* Note: Prices on Douglas Labs’ products are considerably lower for NYBC members!
The study lasted for two years and compared heart failure patients taking 100mg CoQ10 three times per day with patients who were not taking the supplement. By the end of the two-year period, the CoQ10 group showed a significantly lower rate of hospitalization for heart failure, significantly better functional capacity, and a significantly lower rate of death from cardiovascular disease.
NYBC has stocked CoQ10 since our founding, and has recently expanded its offerings. We’re happy that we’ve been able to provide this important supplement at discounted prices to our members over the years, and we’re happier still to see this new research strengthening the case for a supplement that already had a considerable amount of evidence demonstrating its benefit for heart health.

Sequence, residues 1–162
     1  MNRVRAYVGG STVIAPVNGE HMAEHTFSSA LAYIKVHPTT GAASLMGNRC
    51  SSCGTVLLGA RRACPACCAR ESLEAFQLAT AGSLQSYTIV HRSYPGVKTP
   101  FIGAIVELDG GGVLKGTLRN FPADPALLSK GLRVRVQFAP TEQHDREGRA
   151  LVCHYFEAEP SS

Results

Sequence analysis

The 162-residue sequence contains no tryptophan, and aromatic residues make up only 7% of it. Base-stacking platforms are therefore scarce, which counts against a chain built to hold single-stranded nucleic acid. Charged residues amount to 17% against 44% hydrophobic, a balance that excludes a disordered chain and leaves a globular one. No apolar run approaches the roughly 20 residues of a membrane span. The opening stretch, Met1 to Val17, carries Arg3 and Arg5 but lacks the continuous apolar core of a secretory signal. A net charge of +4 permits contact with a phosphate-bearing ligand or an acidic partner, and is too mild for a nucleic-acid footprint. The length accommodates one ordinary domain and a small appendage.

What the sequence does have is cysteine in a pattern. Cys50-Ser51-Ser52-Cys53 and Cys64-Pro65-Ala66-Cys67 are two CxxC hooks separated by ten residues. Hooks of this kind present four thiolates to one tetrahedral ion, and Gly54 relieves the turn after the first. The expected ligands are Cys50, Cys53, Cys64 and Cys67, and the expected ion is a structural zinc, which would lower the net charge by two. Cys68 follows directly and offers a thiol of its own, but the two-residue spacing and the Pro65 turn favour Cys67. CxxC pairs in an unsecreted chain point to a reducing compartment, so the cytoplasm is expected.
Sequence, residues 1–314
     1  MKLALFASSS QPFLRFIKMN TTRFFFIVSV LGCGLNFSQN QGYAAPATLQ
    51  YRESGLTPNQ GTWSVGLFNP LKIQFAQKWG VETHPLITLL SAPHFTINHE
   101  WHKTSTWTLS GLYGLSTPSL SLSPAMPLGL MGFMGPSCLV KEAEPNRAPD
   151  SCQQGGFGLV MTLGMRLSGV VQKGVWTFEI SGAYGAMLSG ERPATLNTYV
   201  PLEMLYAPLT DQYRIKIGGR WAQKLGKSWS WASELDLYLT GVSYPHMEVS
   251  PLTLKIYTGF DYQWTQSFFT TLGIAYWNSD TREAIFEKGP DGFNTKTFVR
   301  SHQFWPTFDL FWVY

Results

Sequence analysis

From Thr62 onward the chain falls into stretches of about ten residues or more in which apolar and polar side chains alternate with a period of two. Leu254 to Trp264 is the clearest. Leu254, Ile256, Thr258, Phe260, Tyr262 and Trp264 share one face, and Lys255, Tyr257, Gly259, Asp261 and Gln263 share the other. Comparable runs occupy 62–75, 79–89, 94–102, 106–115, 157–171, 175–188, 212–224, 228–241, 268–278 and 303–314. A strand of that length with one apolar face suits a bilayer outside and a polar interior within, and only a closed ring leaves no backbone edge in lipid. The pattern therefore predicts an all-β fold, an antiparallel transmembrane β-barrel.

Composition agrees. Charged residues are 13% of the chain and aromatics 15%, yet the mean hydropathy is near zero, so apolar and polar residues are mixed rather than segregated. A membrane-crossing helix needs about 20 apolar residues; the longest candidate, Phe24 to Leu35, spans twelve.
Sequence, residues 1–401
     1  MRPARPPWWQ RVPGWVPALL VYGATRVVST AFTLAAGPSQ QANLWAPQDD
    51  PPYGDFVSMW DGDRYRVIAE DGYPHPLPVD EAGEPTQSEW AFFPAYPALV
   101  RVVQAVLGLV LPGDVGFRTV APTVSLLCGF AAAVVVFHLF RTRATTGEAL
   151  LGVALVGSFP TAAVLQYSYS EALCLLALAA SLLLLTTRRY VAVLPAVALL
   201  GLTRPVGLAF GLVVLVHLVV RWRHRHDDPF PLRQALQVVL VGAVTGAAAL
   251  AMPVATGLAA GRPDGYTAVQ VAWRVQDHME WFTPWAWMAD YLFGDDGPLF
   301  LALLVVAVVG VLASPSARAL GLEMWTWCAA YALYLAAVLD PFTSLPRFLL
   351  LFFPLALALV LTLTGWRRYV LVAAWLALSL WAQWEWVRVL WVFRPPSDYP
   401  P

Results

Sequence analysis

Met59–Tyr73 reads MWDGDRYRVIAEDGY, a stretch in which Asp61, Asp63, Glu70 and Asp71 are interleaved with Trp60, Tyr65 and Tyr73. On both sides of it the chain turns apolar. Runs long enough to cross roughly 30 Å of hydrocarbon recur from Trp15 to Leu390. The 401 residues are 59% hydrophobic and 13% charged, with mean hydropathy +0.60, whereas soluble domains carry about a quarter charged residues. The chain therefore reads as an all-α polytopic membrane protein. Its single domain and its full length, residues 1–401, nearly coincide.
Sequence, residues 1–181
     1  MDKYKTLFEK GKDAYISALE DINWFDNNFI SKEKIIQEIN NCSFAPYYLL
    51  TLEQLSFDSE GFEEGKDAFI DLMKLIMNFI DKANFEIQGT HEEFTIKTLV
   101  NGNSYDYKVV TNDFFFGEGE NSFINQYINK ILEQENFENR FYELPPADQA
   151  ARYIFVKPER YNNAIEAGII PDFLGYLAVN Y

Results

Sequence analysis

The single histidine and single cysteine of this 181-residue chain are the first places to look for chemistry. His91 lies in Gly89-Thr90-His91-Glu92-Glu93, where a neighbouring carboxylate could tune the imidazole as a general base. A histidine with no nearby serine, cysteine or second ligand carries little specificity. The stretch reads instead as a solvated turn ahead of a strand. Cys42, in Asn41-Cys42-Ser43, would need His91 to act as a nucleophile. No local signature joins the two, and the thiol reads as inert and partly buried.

Here are some additional NYBC suggestions for cardiovascular health. All are based on our reading of the always-evolving research on nutrition and nutritional supplements:
Eating fatty fish (such as wild salmon) once or twice a week is an excellent approach to maintaining cardiovascular health; however, regular supplementation with fish oil can also provide the omega-3 fatty acids (called DHA and EPA) that have been closely linked to cardiovascular benefit. Note that supplements, when properly purified, avoid the problem of mercury contamination, a concern for those who eat sea food regularly.